A new president has been elected in Nigeria: Bola Ahmed Tinubu from the ruling party prevailed. However, the election is overshadowed by allegations of fraud.
In Nigeria, Africa’s most populous country, the candidate of the ruling All Progressives Congress (APC) party, Bola Ahmed Tinubu, has won the presidential election. The 70-year-old received 36 percent of the votes, according to the national election commission in the capital, Abuja.
The candidate from the opposition Democratic People’s Party (PDP), Atiku Abubakar, came in second with 29 percent. According to the electoral commission, Labor Party candidate Peter Obi received 25 percent. The election is overshadowed by allegations of fraud.
With around 220 million inhabitants, Nigeria is the most populous country on the African continent and also its largest economy. More than 87 million people were allowed to vote on Saturday. The previous President Muhammadu Buhari (80) is stepping down after two terms in office. A simple majority of all votes cast and 25 percent of the votes in two-thirds of Nigeria’s 36 states were required to win the first round.
Election Observer: Poor planning and lack of transparency
Several opposition parties – including the PDP and the Labor Party – had spoken of election fraud even before the results were announced. Accordingly, some of the results are said to have been manually evaluated and transmitted. By contrast, electronic transmission to the central server of the election commission is required by law. In a preliminary report, EU election observers also accused the Commission of poor planning and a lack of transparency. However, they saw the basic rights of freedom of movement and assembly during the election as largely guaranteed.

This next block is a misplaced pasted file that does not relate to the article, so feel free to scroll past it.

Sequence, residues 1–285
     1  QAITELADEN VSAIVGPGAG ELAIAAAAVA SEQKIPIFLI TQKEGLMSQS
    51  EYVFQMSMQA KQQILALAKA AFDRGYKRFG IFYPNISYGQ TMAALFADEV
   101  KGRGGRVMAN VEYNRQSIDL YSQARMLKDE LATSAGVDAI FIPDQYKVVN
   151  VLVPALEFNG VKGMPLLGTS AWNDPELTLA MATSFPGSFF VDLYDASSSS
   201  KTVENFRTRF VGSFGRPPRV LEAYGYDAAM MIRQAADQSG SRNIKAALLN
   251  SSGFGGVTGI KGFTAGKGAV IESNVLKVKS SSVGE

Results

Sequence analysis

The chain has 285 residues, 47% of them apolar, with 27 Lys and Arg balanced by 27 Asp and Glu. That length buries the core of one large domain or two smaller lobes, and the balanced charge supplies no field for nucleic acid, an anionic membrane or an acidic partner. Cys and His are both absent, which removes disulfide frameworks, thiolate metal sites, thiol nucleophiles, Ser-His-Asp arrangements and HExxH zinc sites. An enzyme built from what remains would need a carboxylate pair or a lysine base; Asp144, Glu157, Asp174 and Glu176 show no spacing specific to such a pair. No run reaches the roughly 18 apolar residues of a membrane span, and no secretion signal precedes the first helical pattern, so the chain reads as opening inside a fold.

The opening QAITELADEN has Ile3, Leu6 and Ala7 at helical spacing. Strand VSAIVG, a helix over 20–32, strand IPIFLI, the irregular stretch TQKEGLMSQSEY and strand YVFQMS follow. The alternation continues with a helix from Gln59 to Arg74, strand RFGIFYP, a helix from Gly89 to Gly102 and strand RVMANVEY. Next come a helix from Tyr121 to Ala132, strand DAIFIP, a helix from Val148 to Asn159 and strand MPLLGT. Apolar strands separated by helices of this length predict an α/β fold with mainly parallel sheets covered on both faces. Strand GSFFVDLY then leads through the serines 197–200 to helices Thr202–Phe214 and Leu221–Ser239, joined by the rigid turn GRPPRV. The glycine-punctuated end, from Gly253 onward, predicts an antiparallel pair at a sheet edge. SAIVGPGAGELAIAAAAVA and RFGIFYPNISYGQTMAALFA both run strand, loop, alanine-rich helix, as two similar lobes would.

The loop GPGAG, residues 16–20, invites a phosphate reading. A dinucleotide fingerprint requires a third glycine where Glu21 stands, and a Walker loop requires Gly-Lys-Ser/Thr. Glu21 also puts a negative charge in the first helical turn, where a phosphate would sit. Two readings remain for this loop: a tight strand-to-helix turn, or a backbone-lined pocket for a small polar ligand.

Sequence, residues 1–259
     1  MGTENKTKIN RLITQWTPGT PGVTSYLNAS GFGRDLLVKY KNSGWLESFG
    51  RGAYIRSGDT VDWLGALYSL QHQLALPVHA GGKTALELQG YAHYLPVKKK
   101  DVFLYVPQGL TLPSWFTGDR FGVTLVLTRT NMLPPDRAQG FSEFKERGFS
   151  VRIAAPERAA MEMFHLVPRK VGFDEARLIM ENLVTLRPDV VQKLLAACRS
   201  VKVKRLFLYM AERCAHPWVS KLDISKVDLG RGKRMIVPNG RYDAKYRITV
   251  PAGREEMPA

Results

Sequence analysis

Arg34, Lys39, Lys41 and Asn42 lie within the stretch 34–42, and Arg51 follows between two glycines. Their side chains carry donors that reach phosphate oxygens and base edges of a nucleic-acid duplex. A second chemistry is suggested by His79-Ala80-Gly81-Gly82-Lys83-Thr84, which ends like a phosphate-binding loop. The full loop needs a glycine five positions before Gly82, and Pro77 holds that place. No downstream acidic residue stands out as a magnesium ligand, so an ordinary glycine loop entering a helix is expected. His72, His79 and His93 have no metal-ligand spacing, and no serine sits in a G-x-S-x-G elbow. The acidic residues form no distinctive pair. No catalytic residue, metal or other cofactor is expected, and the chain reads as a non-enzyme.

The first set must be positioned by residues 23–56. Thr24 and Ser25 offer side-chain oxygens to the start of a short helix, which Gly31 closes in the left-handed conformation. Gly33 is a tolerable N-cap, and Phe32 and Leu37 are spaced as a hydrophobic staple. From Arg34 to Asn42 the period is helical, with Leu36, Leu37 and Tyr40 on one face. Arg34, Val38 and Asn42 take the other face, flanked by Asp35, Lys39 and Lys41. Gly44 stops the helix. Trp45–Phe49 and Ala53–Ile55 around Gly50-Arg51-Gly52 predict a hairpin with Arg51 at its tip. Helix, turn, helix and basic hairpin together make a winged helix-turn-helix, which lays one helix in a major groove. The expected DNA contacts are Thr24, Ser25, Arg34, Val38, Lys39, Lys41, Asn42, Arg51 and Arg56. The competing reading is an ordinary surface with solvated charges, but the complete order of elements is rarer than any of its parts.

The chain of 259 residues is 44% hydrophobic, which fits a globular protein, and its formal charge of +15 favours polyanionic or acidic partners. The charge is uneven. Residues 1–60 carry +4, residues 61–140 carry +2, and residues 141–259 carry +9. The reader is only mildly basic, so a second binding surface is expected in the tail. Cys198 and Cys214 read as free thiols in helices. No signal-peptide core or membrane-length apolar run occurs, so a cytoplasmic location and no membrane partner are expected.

Tinubu used to be a chartered accountant, senator and governor of the mega-metropolis Lagos. During the election campaign, he promised to modernize Nigeria’s public infrastructure. Basic facilities such as the water supply or public housing are ailing.
I have been working in the news industry for over 6 years, first as a reporter and now as an editor. I have covered politics extensively, and my work has appeared in major newspapers and online news outlets around the world. In addition to my writing, I also contribute regularly to 24 Hours World.